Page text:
Teeth-chattering cold and biting winds are keeping children across the South and East Coast home from school, zoo animals penned indoors and even soldiers from reporting to duty.
Parts of all 50 states -- even Hawaii -- had below-freezing temperatures this morning, while those across much of the North are experiencing below-zero wind chills.
High temperatures Friday will be 15 to 25 degrees below average across the
Northeast, Mid-Atlantic and South, according to the National Weather Service.
That's meant a weather day for hundreds of thousands of children across the USA in some of the largest nation's school districts. Schools closed or had delayed openings in Texas, Oklahoma, Alabama, Louisiana and Virginia.
The bitterly cold air made its way as far south as the Gulf Coast states Friday, where snow accumulations and freezing rain are affecting portions of Texas and Louisiana, the weather service reports.
The weather service issued a winter storm warning for the Houston, San Antonio and Austin areas until midday Friday.
In Texas, more than a quarter of a million students were off Friday after a cold front brought snow and ice in the center and southeast part of the state. The Houston Independent School district, one of the 10 largest in the country with more than 200,000 students, closed Friday after snow hit the area.
Across the South, residents struggled to drive in the snow and ice, find gloves and hats to stay warm and clear off car windshields with their bare hands.
The ice and snow made travel treacherous. Accidents were reported throughout the south. In Louisiana, at least one person was killed in the Lake Charles area, while another accident blocked all northbound lanes for hours.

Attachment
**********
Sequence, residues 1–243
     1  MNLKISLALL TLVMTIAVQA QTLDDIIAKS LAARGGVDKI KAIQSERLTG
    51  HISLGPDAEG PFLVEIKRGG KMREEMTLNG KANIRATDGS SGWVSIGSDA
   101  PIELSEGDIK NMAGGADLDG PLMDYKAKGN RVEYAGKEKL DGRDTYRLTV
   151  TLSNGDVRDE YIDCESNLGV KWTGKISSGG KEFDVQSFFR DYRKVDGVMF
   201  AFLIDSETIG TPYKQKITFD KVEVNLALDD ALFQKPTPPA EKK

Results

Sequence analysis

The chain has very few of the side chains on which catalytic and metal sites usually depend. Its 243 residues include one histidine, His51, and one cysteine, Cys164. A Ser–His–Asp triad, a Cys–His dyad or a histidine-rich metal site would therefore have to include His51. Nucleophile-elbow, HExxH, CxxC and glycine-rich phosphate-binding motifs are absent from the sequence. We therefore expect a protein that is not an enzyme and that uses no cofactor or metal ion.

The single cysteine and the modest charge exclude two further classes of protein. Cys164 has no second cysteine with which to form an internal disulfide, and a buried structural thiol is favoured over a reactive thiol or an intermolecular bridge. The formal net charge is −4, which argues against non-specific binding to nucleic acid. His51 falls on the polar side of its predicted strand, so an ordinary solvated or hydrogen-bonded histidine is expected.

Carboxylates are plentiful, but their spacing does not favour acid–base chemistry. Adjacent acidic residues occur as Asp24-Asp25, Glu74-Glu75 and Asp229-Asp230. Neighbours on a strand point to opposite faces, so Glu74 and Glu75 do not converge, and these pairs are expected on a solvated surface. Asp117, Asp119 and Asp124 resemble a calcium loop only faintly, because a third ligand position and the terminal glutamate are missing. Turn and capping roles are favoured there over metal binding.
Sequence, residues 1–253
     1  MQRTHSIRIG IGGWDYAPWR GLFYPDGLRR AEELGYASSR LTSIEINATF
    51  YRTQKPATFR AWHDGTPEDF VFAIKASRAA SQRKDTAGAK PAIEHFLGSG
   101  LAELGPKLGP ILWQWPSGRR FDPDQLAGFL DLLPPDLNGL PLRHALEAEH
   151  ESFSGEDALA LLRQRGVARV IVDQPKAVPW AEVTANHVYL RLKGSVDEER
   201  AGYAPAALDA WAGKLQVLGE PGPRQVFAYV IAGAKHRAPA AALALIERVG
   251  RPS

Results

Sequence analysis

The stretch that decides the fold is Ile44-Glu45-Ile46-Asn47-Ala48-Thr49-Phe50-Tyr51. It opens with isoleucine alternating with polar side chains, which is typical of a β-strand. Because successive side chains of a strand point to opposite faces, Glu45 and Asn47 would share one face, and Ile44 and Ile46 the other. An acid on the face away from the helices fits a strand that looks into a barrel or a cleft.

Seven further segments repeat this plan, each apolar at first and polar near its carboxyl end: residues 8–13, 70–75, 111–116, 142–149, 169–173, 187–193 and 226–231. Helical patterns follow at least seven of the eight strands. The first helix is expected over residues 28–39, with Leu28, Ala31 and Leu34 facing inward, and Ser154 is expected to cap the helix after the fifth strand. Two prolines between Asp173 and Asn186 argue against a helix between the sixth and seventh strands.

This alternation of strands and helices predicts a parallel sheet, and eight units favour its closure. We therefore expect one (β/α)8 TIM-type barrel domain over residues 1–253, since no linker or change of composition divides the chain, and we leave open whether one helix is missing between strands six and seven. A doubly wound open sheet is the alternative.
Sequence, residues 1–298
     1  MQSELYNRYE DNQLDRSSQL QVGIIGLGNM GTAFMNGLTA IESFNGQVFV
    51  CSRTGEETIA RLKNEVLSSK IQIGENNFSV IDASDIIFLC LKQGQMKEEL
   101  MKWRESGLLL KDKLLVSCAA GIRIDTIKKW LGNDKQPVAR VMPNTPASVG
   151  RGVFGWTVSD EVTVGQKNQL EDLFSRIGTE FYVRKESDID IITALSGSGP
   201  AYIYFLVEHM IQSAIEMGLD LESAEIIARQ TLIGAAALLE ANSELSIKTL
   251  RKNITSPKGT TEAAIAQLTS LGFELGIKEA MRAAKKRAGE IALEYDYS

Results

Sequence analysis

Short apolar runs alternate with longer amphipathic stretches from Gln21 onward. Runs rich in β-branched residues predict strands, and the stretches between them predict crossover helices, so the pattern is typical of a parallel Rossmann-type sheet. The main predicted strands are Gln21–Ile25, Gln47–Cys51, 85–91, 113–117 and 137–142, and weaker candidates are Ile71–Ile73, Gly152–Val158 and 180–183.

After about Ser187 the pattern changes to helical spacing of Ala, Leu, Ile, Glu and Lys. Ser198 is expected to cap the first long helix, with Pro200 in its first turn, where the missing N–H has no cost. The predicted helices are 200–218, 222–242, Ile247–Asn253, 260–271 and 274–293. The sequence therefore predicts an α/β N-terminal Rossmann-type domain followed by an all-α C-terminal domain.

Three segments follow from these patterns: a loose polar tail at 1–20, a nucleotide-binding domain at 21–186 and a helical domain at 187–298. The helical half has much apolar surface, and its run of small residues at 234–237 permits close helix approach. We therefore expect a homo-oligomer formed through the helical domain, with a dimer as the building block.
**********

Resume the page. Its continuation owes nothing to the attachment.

In Texas, Austin-Travis County EMS officials say they have responded to more than 100 wrecks that involved several multiple-car pileups, including one that involved 20 cars. Nearby Williamson County said its emergency crews responded to almost 40 car wrecks.
Department of Transportation officials said they are preparing sand and other de-icing materials and equipment, with staff on standby to treat roadways if needed.
"Hazardous weather can cause problems for drivers, so if you don't have to drive in it — don't," said Greg Malatek, TxDOT Austin District Engineer. "If you do decide to drive, be sure to reduce your speed in icy conditions and take extra precautions when approaching bridges, shaded spots, overpasses and turns, as these areas tend to ice over first."
Even the military base in Fort Hood, Texas, shut down. Only mission-essential staff are reporting for duty.
Conditions in Texas and other spots in the South were forecast to improve by Saturday. Austin and San Antonio could see a return to temperatures in the 70s by Sunday, forecasters said.
In other places, such as Fairfax County, Va., schools opened late. The district, one of the nation's largest with more than 177,000 students, sent parents an e-mail saying that the cold weather was causing significant mechanical problems with buses. Parents were urged to not let their children stand outside for a long time, waiting for late buses.
Zoo animals were also not immune to the cold. The North Carolina Zoo in Asheboro closed for the third time this week because of extreme cold and a wind chill that brought the temperature down to the single digits.
The 500 or so animals that are part of the zoo's African exhibit are particularly susceptible to the cold, says zoo spokesman Rod Hackney. The elephants, rhinos, giraffes and other animals that make up the exhibit are kept in heated barns. In some barns, heated pipes run under the floors.
"The heating bills are going to go up," Hackney said with a chuckle. "It's very unusual for us to have temperatures in the single digits."